We tend to think of our career as a series of moments – such as when we change jobs or decide on a major career change – but the reality is it shouldn’t be such a fleeting thought. Much of the difficulty and duress we endure when it comes to applying to a new role or deciding what it is we want to do next comes from the sporadic consideration of this question.
It shouldn’t really be a surprise – how good can you be at something if you only try it once or twice a year [insert obvious sports analogy here].
A recent article in the Harvard Business Review by Dorie Clark entitled “It’s Not a Job Search, It’s a Permanent Campaign” raises the interesting comparison between your career and that of a political campaign. Clark points out that we need to think of our career more than just during “election time”.
For some, the idea of running a permanent campaign like this will seem like too much work – attending networking events, staying in touch with colleagues, contributing to articles and frequenting workshops. That’s fine of course; just don’t expect anyone to notice you or trip over your application when it comes to getting hired.
Consider borrowing some tips from our political compatriots when it comes to running your own campaign, just leave out the smear.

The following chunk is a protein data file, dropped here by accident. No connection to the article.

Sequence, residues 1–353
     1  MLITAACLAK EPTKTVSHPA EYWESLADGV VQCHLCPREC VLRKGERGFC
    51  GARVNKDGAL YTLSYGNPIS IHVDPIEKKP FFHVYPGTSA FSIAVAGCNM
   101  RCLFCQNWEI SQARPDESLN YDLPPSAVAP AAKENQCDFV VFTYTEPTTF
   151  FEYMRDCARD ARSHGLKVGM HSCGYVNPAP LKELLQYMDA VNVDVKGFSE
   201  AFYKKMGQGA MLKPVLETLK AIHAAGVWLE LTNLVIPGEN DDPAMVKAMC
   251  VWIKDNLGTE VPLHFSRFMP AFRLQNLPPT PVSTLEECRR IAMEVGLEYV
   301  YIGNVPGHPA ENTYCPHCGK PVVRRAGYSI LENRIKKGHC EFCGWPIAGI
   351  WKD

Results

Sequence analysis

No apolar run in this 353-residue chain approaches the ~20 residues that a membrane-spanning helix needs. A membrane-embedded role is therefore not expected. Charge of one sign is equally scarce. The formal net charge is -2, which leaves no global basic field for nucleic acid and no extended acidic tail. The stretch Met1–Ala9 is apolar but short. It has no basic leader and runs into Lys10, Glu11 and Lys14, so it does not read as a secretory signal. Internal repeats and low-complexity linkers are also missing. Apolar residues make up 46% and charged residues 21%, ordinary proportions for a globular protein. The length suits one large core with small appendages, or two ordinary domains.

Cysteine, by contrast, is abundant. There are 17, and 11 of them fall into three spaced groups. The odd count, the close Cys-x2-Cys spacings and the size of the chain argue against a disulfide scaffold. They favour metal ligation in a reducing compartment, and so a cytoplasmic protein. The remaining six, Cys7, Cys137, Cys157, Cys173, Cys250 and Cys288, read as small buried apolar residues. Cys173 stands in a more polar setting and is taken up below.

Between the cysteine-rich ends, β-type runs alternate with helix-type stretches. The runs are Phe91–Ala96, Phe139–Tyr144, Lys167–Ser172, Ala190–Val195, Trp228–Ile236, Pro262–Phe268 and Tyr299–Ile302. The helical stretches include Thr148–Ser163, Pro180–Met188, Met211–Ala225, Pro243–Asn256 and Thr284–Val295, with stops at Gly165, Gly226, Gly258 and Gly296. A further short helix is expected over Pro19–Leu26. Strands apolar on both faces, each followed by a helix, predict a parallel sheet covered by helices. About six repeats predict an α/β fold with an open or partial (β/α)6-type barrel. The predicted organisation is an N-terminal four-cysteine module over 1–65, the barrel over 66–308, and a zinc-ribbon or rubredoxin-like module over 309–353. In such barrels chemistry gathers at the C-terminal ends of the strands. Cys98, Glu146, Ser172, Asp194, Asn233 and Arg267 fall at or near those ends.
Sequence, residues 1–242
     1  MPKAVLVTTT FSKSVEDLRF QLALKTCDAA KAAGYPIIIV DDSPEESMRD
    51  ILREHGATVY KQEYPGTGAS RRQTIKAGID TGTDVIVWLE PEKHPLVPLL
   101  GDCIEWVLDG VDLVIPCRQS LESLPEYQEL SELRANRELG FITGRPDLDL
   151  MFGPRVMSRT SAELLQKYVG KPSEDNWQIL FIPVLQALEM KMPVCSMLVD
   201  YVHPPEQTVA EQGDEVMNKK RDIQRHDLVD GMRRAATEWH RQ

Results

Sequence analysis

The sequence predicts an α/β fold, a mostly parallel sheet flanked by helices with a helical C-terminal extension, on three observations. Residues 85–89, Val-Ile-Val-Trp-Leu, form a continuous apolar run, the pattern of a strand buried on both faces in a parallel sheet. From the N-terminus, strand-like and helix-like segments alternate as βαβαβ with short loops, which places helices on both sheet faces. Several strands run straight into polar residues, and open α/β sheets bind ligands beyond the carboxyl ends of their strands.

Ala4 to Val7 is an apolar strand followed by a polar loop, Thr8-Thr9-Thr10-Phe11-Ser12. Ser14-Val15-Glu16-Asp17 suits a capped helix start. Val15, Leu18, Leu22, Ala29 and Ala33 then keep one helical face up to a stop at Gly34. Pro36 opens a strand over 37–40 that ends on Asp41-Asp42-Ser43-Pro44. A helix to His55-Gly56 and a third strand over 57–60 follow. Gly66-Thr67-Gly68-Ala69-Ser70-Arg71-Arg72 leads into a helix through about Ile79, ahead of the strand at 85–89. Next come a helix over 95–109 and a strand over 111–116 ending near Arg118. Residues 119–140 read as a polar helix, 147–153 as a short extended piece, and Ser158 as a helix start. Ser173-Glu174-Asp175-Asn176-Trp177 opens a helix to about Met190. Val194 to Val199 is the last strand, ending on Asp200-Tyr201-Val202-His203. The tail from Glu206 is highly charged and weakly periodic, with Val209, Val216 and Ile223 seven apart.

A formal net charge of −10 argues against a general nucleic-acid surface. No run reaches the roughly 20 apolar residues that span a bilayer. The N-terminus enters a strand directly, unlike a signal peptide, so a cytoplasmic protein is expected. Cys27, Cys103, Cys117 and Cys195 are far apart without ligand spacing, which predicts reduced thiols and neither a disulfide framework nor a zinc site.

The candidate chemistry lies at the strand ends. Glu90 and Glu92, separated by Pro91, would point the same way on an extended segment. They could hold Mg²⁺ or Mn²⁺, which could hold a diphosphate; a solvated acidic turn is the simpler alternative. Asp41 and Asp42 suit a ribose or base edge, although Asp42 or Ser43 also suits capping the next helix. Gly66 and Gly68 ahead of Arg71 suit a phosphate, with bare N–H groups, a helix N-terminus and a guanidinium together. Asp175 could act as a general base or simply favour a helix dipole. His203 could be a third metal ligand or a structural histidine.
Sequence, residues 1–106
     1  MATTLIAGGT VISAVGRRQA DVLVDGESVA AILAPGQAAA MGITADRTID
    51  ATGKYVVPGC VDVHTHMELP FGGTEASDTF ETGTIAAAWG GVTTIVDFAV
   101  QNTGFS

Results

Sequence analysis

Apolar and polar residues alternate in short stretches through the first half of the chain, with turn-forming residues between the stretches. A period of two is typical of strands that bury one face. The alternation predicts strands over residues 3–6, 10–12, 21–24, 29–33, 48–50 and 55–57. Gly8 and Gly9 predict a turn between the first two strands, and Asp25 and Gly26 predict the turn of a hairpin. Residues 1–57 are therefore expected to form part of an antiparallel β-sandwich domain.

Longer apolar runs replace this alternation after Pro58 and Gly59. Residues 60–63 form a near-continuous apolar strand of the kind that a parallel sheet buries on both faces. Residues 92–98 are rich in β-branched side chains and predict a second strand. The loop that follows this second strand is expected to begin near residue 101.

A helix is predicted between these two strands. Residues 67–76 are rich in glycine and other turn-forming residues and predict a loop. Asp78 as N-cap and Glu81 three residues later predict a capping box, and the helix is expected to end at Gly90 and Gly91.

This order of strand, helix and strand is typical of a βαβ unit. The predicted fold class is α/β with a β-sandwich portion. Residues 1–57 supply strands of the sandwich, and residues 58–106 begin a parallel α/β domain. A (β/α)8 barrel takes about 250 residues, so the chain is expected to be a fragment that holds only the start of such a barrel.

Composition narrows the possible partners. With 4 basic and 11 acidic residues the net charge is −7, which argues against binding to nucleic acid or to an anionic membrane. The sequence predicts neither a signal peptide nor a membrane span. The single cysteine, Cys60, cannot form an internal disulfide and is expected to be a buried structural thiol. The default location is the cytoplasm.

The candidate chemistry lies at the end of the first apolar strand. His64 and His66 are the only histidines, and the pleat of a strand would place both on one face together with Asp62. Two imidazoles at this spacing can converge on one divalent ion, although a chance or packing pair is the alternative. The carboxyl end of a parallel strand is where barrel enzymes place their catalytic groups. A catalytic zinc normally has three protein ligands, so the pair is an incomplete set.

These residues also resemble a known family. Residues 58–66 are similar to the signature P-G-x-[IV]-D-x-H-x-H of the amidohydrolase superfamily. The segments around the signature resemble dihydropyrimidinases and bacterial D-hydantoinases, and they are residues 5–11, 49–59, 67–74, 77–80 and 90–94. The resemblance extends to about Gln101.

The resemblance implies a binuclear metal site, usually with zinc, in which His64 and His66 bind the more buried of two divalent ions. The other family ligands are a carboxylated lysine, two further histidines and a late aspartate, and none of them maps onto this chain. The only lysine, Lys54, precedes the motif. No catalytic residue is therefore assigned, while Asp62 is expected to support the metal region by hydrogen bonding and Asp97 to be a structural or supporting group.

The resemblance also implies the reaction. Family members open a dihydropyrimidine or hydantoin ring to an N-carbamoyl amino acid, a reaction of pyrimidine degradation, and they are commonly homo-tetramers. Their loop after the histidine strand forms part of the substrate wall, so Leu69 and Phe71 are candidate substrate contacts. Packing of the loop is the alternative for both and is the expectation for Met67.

Listen. Make sure you’re in a position to know what people are saying about you. You can set-up Google Alerts and carefully curate what networks you allow to share information. Be diligent about contacting those that publish information that’s inaccurate or those that don’t have your permission.
Control the dialogue. Politicians realized many years ago that if they’re not crowding the airwaves with their own brand of messaging, whether it be press releases, news conferences, or otherwise that the void would be filled by someone else (and perhaps in a far less flattering light no less). No one says you need to call your own press conference, but take the time to publish your own information through your preferred medium so people can find it.
Build a following. This can be past/current colleagues, bosses, mentors or teachers. You need people in your corner that can vouch for you and what you can do. Whether it’s a reference check, new business opportunity or a potential investor you’re going to need supporters to vote for you.
Photo: used under CC license .
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